Firefighters abet Horizon students’ experiments during Space Week
MADISON – Horizon Elementary School’s student body conducted experiments for heavenly bodies during Space Week on May 10-14.
Horizon PTA worked with Gifted Specialist Elizabeth Bero to plan fun activities for all grades. Kindergartners with PTA volunteers Betsy Allison and Katy Brown launched film canisters with Alka-Selzer tablets. First-graders listened to a constellation story by Bero and then created their own constellation pictures and stories.
Second-graders built UFO disc flyers for rounds of disc golf. In third grade, students witnessed a presentation by PTA President Leigh McMillan about propulsion, using Mentos and cola. Fourth-graders held paper airplane contests.
Consuella Datcher’s fifth-grade science students used recycled materials to build ‘water balloon re-entry protection devices.’ The objective was to build the smallest, most lightweight construction but prevent the water balloon from bursting when dropped. Students applied classroom study about parachutes and motion.
In initial testing, students dropped their devices from atop the tallest playground slide. Devices that survived qualified for final experimenting.
For finals, Captain Ennis and firefighters from Madison Fire Department brought a ladder truck to campus and dropped the finalists’ devices from the extended ladder. Students Madisyn Hankins and Sianna O’Reilly made devices that protected their water balloons even when dropped from a height of 73 feet, Bero said.
Bero’s work with Horizon’s Space Week started when her oldest daughter was in kindergarten in 1997 and Bero worked for NASA in Education/Public Outreach. Bero started teaching at Horizon as Gifted Specialist in 2003 and has coordinated Space Week for 24 years.
Since 1998 (except in 2020 due to COVID-19), she has used a portable planetarium from Woodmen of the World Insurance Agency. In 2020, Bero recruited guest lecturers from NASA and American Institute of Aeronautics and Astronautics.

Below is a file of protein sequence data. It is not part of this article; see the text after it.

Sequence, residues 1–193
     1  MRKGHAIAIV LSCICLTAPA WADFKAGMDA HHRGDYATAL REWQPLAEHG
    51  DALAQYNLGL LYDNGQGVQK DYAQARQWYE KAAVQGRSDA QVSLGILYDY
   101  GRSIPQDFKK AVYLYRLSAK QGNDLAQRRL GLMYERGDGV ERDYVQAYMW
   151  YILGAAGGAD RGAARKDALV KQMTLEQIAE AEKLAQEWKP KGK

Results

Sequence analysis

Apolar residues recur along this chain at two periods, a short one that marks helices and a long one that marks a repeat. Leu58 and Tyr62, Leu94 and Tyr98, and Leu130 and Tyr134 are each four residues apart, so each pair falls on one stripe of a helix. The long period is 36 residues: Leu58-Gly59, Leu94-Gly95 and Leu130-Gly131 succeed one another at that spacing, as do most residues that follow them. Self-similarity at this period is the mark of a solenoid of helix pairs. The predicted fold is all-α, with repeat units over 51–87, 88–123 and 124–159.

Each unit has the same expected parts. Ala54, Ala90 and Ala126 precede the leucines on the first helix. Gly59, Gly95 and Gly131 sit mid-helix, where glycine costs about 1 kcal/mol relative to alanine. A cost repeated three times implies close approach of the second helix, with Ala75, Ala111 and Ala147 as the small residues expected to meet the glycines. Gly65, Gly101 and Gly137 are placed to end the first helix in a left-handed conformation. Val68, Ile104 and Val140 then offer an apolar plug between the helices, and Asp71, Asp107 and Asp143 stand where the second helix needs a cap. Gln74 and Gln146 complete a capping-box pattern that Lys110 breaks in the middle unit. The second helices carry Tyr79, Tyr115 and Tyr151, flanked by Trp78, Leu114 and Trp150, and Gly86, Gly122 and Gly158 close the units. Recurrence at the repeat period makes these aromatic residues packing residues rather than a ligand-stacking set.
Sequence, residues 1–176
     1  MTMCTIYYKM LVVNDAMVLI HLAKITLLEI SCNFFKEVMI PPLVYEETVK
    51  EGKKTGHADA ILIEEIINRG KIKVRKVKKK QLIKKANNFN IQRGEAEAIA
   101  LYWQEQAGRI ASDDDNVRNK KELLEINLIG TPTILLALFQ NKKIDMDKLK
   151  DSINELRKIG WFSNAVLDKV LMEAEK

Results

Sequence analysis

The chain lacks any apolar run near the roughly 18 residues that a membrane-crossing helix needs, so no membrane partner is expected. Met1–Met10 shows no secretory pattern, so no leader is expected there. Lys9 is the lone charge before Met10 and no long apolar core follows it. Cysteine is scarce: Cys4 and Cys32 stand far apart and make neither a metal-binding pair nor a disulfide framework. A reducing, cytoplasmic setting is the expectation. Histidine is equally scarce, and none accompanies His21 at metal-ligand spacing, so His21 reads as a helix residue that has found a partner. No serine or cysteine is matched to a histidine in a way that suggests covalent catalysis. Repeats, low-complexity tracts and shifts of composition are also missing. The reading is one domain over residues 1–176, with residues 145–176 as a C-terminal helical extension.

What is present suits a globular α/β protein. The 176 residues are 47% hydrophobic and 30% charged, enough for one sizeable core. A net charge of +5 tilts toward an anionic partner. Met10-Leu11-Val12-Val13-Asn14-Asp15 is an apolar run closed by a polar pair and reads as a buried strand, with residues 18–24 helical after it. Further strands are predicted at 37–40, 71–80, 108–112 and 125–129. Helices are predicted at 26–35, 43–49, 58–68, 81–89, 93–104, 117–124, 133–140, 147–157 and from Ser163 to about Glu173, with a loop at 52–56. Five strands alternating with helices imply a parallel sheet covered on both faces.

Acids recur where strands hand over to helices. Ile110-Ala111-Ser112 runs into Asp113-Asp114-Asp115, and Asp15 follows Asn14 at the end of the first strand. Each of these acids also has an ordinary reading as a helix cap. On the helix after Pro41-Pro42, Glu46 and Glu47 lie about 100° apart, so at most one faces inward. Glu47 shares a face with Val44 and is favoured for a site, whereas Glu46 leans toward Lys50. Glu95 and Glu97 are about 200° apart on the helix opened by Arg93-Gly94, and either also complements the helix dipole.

“This year, we were fortunate to be attending school and participate in PTA-run activities,” she said. Post-COVID-19 in 2022, she hopes that assembles for NASA, Von Braun Astronomical Society and Huntsville Area Rocketry Association can return.
For Science Week 2021, PTA President Leigh McMillan and PTA volunteers contributed significantly. Spanish teacher Claudia Mesnil-Baez created a daily trivia question for morning announcements. Maria Jones in English Language Learning helped decorate and raised students’ excitement with her collection of space clothes and costumes. Datcher coordinated the ‘re-entry device’ project.
“Space Week is like Career Week,” Bero said. Normally, Horizon invites parents to discuss their jobs at Redstone Arsenal, NASA and Cummings Research Park.
“Our Acting Building Maintenance/Custodian, David Blackburn, is retired from NASA and gave a video talk about his experiences. He encouraged students to study hard and look for jobs in aerospace, making the point that many people, doing many jobs, are needed in NASA — not just astronauts,” Bero said.